Joerg Hofmann Q&A: “The worst model is when a jurisdiction tries to reinvent the wheel”

Dr Joerg Hofmann speaks to Gambling Insider about European regulations and why restricting markets can only lead people to black markets.

in depth joerg hofmann 1

Should European countries look at the markets around them when they begin to look at regulating their own markets? Because cherry picking from those around can have both good and bad implications.

I think it's a good start because the worst model, in my opinion, is when a jurisdiction tries to reinvent the wheel within a microcosmic environment like Germany. I think it's a good step forward to reach out to other regulators and colleagues from other European jurisdictions. This could also include some regulators from the United States, although I believe that we are more mature in our experiences across the European Union.

Today, you can say that outside Europe as well. I think that copying some ideas is a good way to know what the tools of successful regulation are and to find out about the do's and don'ts of proper regulation.

The first thing to do is to define the goal of regulation, which is always player protection and fighting fraud, combating illegal markets or generating tax revenues. However, the most important goal of regulation is to channel traffic into the licensed market to protect the players there. If the channelisation rate is high, then something must be right. If it's not high, then something must be wrong. A good example of this is the current situation in the Netherlands. There is a discussion, and more than a discussion, to completely interdict non-targeted advertising. Advertising is one of the hot topics across all gambling-related jurisdictions, and if you look at Italy or Belgium, you can see a very aggressive approach to advertising.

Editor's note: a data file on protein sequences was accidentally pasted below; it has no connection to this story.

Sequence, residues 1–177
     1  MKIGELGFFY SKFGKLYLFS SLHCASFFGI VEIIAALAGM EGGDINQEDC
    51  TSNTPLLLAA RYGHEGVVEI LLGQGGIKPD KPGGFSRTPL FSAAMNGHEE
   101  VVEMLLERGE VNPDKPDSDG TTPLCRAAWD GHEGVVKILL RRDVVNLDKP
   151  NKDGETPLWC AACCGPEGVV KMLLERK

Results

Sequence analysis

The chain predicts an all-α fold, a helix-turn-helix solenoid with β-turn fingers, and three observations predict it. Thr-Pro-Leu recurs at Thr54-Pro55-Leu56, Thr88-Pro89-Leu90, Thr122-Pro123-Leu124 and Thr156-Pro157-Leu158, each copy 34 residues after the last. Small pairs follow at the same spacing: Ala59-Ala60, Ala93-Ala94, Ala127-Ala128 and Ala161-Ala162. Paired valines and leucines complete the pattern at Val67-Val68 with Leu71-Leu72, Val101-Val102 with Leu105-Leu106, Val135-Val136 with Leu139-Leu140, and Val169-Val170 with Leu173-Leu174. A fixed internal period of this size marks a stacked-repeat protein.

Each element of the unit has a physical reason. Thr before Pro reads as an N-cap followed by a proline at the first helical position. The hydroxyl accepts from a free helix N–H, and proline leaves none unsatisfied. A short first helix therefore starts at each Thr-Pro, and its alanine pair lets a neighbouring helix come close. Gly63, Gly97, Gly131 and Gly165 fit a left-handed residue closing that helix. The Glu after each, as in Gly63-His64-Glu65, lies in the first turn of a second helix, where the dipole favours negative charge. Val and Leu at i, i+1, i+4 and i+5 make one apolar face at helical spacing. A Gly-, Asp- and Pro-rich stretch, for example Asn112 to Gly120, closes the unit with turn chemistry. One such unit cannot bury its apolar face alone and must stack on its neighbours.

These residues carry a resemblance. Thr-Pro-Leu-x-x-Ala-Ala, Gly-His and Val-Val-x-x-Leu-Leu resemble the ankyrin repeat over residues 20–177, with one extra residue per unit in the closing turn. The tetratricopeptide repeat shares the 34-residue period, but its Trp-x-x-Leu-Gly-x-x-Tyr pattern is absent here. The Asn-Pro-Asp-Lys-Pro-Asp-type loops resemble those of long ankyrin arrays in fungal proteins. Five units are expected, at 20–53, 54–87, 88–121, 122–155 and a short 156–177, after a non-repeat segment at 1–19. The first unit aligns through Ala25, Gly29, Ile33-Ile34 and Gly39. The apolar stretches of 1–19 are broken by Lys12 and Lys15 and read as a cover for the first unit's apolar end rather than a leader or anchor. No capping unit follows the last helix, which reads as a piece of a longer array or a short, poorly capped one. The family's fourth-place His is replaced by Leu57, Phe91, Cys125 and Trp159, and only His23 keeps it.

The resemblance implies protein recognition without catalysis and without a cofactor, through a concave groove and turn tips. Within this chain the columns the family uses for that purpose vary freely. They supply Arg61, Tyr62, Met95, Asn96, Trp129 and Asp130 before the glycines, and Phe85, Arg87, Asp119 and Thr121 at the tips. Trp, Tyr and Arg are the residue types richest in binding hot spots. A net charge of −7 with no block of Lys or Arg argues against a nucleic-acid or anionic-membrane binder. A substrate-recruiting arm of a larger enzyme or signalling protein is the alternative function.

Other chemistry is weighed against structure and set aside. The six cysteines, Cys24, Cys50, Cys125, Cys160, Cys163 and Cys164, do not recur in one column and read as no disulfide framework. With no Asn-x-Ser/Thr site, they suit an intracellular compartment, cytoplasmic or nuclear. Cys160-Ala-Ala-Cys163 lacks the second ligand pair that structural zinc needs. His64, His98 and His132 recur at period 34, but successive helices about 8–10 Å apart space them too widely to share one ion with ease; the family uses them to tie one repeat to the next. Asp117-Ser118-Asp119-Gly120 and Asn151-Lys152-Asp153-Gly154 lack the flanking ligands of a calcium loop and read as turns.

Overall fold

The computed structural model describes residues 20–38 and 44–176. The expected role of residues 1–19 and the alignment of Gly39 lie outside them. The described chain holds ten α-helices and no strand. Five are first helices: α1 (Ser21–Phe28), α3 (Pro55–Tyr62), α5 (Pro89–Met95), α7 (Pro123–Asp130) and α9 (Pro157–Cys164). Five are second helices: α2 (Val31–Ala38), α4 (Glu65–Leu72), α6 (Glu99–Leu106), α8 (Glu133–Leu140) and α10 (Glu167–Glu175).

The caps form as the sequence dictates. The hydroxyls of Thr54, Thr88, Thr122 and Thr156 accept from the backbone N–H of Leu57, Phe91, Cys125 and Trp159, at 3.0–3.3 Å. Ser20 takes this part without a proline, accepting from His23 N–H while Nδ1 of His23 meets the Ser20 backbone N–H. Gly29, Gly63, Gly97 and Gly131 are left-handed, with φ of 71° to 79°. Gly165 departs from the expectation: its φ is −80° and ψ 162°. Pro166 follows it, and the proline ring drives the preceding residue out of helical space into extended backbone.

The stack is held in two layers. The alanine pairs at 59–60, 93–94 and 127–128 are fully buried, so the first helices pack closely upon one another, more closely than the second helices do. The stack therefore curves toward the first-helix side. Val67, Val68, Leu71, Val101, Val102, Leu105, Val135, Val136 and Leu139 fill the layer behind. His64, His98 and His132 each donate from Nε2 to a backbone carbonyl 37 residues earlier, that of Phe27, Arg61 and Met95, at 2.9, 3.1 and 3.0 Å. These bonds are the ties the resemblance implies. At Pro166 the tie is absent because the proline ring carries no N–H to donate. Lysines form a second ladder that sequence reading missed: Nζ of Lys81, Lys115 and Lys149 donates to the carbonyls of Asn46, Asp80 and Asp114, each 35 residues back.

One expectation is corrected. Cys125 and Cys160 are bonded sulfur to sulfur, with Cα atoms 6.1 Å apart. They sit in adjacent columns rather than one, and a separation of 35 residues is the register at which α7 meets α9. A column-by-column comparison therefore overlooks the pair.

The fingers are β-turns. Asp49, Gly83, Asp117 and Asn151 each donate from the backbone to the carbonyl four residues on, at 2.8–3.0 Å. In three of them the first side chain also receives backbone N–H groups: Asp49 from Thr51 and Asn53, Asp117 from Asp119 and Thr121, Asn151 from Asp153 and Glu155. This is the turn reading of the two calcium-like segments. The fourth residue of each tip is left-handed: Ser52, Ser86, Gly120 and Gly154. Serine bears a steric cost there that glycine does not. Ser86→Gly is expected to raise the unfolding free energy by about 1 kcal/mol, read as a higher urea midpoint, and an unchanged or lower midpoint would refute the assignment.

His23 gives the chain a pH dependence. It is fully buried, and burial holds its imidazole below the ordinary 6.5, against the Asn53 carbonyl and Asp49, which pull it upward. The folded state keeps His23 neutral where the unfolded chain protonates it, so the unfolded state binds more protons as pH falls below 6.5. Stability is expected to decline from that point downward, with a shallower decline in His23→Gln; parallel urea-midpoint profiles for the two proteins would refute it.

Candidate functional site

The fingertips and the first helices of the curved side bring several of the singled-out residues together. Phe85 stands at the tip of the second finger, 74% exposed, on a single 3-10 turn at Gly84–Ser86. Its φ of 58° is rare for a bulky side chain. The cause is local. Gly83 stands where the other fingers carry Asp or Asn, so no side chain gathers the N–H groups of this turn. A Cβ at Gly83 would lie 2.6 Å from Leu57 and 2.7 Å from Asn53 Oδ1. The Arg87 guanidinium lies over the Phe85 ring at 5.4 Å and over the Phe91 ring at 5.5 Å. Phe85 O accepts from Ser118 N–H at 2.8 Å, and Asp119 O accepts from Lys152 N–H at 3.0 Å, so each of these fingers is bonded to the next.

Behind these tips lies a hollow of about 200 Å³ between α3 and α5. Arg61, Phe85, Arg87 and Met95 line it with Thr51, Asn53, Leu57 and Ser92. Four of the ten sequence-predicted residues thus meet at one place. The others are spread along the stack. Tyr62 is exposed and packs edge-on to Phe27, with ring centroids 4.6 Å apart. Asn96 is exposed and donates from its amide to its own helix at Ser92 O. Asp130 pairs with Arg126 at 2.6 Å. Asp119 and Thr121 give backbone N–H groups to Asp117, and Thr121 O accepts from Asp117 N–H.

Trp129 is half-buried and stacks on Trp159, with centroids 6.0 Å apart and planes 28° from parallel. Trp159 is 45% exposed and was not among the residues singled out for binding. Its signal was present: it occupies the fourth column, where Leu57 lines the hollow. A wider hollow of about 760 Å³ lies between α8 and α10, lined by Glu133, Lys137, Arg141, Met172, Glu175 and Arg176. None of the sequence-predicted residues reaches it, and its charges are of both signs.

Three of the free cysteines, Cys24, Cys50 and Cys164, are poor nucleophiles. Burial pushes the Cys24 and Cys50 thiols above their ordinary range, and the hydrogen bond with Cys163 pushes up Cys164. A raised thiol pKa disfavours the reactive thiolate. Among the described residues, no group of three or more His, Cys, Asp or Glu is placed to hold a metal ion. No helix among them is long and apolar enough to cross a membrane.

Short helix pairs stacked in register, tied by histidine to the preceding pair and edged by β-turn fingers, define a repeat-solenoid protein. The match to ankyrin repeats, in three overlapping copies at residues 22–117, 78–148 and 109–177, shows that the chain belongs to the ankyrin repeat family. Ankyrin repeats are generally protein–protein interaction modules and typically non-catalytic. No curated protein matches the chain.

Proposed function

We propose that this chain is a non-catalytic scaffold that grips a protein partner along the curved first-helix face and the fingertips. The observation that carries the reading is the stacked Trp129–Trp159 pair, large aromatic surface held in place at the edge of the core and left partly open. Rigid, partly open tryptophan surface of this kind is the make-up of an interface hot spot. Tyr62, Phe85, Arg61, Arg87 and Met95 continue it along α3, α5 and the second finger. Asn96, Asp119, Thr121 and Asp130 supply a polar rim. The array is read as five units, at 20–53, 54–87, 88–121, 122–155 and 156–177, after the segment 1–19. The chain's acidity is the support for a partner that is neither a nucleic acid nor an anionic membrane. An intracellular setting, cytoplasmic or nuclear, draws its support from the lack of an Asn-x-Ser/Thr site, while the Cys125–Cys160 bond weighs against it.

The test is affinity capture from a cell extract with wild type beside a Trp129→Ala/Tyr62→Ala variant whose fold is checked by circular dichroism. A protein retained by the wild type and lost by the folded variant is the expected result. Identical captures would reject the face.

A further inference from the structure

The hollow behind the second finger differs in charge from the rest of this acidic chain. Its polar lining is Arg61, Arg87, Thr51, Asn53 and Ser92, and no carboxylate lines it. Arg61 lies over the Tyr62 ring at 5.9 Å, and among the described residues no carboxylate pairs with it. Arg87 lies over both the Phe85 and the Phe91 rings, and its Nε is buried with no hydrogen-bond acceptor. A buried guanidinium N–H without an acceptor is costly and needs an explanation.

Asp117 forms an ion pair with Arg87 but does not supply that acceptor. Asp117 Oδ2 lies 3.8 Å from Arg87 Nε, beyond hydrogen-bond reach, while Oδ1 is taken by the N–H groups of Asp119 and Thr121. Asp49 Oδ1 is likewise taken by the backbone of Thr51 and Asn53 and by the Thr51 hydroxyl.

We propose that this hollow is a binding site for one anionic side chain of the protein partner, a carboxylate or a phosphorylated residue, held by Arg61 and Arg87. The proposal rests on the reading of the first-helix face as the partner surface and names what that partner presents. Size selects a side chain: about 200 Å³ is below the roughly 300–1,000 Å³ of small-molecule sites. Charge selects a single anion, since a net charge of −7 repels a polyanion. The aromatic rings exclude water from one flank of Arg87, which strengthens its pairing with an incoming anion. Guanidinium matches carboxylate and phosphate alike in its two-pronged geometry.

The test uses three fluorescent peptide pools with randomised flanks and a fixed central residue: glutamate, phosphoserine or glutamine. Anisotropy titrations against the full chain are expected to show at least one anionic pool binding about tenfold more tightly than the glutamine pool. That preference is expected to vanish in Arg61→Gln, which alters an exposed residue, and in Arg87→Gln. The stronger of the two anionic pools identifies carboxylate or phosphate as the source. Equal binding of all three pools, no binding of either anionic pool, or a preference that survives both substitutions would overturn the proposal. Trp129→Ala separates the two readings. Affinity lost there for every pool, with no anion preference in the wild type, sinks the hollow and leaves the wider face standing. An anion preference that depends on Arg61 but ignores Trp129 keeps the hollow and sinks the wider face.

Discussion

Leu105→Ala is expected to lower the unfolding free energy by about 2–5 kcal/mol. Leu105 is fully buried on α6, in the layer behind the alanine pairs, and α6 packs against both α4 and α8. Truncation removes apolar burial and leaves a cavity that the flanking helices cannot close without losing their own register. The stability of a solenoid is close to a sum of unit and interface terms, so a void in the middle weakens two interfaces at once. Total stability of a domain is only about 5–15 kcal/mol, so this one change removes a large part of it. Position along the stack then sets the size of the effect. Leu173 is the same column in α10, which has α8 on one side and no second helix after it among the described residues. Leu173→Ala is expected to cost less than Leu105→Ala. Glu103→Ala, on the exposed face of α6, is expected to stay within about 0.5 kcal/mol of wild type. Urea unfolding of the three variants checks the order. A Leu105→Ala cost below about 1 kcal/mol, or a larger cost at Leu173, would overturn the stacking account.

The bottom line is, if you do not advertise, you cannot spread the message to the market that you are licensed, supervised and player-protecting. You can distinguish your offerings by doing it, so I think it's completely the wrong attempt and the wrong approach not to advertise. But regulators start to exchange knowledge and experiences, and sometimes it's really good to listen to them if you want to have an impact on shaping your own gambling regulation and see what works.